If Tiffany Haddish Can Have a Bat Mitzvah…
Updated: Jun 21
If Tiffany Haddish can have a Bat Mitzvah, why can’t I have one too? And why not now?
For a little background…
It was the summer of 1977, the summer I turned 13 with a mouth full of braces and feathered hair. Fleetwood Mac’s Rumors and The Eagles’ Hotel California ruled the radio, and I was a Dancing Queen, or so I thought. While most of my Jewish friends had either had or were preparing for their Bar and Bat Mitzvahs, I sat on the sidelines as their guest at many a clubhouse, country club, or roller rink party. Hey Houston friends, remember Uncle Sam’s?! Don’t get me wrong, I didn’t mind not going to Hebrew school, with all that studying and tutoring, but I did feel a little left out. And I’m certain my friends thought I was lucky not to have to endure it; the grass is always greener and all that. But I still wondered what could have been, and yes, had regrets.
Fast forward 43 years…
It all started about a year or so ago talking to my son, Jack about his impending Bar Mitzvah. The 2020 date had been set two years earlier. Competition is stiff in NYC.
The countdown timeline with all the dates and activities leading up to the actual Bar Mitzvah arrived over the summer. Of course, when the date was first set it seemed very far away. Not anymore.
You can just see his little wheels turning.
To know Jack is to understand he’s a very crafty and determined young man. When he wants to do something, he does so with great passion. And when he doesn’t want to do something, well, you do the math. Ever the negotiator, when it came time to start discussing Bar Mitzvah plans, he had a lot to say. One evening at dinner he dropped a big bomb on us and said he no longer wanted a Bar Mitzvah. He said it so matter of fact like, “hey, I’d like pizza for dinner and oh, by the way, I don’t want a Bar Mitzvah.” Oh, okay. What the? Mind you, he’s been a regular at religious school every Sunday morning since kindergarten.
Of course, he had no real reason as to why he no longer wanted a Bar Mitzvah, but let’s just stick with he was adamant in his decision. Since he is MY son, I was adamant too. This wasn’t negotiable.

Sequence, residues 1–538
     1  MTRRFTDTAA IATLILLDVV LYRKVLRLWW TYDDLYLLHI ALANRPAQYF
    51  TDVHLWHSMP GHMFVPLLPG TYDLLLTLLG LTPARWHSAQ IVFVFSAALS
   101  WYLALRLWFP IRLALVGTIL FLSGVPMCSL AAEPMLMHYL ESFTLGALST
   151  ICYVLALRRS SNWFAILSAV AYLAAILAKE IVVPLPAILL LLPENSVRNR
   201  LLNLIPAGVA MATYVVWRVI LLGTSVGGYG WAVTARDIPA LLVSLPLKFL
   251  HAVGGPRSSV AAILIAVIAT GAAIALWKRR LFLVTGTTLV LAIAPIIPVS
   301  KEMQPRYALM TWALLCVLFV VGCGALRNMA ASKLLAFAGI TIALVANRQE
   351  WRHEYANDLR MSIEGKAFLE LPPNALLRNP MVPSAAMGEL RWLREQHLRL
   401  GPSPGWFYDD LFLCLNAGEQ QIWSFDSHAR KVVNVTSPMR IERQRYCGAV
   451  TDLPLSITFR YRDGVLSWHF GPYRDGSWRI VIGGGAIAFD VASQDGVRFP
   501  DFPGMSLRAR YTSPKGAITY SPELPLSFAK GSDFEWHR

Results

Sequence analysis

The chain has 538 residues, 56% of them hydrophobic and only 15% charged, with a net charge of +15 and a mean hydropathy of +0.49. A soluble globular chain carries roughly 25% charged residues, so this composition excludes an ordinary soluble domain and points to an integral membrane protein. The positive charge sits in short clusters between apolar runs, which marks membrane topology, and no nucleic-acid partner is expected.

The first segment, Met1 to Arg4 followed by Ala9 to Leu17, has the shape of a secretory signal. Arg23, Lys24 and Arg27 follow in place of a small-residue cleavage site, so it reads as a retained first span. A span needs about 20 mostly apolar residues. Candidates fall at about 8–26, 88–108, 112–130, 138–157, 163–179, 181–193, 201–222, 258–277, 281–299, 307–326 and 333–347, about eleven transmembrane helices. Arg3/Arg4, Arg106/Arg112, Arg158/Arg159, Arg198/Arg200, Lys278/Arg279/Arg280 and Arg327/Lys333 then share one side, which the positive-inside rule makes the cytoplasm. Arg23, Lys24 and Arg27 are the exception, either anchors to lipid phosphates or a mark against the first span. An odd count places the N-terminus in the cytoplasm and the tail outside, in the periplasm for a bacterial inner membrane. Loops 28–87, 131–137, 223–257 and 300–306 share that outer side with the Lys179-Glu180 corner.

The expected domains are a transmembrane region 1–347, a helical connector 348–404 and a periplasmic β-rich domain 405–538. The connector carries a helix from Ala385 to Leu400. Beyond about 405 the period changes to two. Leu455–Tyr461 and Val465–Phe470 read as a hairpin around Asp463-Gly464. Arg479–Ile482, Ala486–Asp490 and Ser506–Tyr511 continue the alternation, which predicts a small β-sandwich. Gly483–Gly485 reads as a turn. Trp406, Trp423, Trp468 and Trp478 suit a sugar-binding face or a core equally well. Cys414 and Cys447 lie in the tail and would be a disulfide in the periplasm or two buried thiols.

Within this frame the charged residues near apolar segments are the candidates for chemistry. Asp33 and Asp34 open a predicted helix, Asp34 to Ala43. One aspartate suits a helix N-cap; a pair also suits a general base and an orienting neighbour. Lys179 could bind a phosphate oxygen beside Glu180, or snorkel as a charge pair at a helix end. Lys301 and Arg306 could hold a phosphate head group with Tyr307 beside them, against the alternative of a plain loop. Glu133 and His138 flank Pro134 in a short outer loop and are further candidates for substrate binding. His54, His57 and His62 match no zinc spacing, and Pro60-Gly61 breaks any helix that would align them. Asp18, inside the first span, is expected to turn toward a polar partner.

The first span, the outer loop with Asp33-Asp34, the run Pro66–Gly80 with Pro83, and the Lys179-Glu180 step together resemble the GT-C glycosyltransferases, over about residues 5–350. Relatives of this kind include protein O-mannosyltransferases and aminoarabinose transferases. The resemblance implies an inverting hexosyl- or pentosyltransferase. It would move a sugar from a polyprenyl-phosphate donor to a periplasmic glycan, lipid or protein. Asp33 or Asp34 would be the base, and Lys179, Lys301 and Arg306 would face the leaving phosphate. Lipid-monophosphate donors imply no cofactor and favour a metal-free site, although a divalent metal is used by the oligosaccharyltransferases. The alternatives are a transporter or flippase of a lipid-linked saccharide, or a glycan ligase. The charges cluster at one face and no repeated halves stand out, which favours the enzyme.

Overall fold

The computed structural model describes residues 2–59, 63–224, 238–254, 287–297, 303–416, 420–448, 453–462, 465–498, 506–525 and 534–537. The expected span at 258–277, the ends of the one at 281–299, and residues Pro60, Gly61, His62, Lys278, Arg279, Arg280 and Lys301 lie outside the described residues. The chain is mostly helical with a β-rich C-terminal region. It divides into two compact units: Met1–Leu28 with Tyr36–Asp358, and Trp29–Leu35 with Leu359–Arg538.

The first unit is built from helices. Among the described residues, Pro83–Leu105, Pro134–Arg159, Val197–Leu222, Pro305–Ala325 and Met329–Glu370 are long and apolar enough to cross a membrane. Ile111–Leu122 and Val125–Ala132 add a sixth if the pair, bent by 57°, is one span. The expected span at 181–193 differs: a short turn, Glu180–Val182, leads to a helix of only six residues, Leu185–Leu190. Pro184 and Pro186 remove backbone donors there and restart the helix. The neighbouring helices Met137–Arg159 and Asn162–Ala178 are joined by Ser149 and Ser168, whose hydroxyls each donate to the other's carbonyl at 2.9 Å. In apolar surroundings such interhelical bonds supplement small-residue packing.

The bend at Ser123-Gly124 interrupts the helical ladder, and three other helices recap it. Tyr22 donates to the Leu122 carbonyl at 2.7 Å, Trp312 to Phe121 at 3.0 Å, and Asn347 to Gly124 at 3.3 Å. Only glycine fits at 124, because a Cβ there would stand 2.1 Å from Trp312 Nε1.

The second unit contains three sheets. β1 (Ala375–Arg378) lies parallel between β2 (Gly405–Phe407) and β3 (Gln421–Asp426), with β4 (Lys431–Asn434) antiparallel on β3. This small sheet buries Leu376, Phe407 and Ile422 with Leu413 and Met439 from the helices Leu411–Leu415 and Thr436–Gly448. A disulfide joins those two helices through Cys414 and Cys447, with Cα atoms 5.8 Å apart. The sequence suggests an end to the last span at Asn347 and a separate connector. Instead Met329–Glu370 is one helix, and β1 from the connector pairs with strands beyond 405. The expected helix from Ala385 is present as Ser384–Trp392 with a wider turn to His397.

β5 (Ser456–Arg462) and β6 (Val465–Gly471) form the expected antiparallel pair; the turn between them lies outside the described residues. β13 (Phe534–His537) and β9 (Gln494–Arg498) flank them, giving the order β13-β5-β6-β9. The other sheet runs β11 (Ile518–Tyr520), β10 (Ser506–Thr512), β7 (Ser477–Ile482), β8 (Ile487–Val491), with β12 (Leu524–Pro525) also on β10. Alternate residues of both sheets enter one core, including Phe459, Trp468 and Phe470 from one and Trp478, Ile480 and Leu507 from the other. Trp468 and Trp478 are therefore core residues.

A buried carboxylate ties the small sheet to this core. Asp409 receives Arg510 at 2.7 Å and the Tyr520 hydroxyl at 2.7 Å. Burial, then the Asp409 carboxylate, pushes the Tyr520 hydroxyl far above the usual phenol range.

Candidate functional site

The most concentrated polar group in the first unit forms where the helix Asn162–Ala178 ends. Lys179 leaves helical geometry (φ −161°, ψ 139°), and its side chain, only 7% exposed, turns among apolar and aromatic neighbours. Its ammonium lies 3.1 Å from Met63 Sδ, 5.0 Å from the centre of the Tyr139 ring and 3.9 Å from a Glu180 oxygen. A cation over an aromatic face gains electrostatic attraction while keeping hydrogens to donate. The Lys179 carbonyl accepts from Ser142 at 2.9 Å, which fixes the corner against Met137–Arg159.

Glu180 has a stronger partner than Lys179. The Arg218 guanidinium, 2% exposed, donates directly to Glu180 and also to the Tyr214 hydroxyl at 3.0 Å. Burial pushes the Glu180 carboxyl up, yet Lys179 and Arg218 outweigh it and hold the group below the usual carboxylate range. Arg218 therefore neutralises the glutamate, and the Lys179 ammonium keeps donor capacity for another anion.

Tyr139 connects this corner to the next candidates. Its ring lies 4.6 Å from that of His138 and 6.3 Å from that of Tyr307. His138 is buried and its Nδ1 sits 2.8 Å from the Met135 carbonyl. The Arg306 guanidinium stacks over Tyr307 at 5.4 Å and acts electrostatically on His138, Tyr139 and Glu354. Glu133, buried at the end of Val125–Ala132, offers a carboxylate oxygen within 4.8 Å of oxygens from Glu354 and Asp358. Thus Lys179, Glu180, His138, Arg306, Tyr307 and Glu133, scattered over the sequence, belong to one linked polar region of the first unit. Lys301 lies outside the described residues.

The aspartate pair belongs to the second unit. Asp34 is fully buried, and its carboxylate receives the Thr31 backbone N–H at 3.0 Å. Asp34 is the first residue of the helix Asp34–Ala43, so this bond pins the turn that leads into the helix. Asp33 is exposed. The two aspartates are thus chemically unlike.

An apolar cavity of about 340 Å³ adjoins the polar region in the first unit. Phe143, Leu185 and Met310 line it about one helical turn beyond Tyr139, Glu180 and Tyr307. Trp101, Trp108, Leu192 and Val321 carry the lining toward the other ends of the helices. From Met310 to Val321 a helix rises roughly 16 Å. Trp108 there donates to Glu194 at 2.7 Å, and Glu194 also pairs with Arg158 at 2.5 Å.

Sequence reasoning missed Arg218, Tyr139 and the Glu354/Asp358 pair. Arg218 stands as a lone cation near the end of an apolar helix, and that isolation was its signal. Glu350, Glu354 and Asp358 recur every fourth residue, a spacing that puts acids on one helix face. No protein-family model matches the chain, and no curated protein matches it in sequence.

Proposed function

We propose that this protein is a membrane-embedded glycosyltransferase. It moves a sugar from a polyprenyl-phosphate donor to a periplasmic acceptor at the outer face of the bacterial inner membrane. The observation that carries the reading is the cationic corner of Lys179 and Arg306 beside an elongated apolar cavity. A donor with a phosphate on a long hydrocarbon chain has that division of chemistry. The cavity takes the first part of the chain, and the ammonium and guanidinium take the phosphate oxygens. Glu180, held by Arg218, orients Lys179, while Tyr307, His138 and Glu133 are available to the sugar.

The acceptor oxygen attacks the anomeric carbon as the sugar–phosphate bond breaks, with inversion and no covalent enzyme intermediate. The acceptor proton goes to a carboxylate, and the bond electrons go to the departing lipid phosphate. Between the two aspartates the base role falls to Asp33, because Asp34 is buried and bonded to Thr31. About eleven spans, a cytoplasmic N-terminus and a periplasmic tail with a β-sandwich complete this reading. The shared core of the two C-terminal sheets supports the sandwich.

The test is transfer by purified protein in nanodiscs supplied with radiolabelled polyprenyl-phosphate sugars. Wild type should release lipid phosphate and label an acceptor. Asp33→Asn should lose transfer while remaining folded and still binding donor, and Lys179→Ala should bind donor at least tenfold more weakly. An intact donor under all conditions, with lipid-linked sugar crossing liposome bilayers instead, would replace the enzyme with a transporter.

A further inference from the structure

So began a series of conversations known as we’re-not-going-to-talk-about-not-having-a-Bar-Mitzvah-today. And this series continued for months. Now, before you think I was force-feeding him religion, let me explain. A Bar Mitzvah is a huge rite of passage for Jewish children as they begin their journey to Jewish adulthood. My father, who I would never have characterized as a religious man, even had one, albeit the shortest service on record, or so he always told me. My husband had one too so naturally, we would carry on the tradition with Jack.
It’s no mystery that we are more of a cultural Jewish family who enjoys all the great traditions that have been passed down through generations. Some may accuse us of being “high holiday” Jews, those who only go to Temple for Rosh Hashanah and Yom Kippur. Maybe to the judgmental, we were sounding a bit hypocritical wanting our son to become a Bar Mitzvah based on our own practice. Hey, everyone is entitled to their opinion. And you know what they say about opinions…
The reality is I didn’t want this moment to pass any of us by. Also, I didn’t want Jack to sit on the sidelines and have any of the regrets I had by not participating in this milestone celebration.
Even though I told Jack his Bar Mitzvah was not negotiable, he challenged me. Shocking, I know. Again, MY son. So, he’s now decided he will have a Bar Mitzvah, but conditionally. And that condition is that I have a Bat Mitzvah with him. And he’s dead serious. After picking myself up off the floor, I pressed him on this huge condition he bestowed on me. And he simply explained, “Mom, you never had a Bat Mitzvah and I thought it would be cool if we did it together.” MY son!
So, if Tiffany Haddish can have her Bat “Black” Mitzvah, I can have my Bat Mitzvah too. And to think I thought having a child in my 40s made me a late bloomer.
Here is my hope and my promise to Jack: I will stand up in front of my family and friends with him by my side, having learned a new language and memorized a passage from the Torah so I can finally declare “Today, I am a woman!” — and do all this without throwing up.
They say a parent will do anything to make their child happy. I say that declaration should come with caveats and said parents should probably have their head examined. But how does any parent deny such a thoughtful request from their child?
No more sidelines and no more regrets.
And for those of you who have had a Bar or Bat Mitzvah (however long ago), please feel free to share any tips that will help me not totally embarrass myself… or my family and friends!
Stay tuned for more to come. New year… new adventure!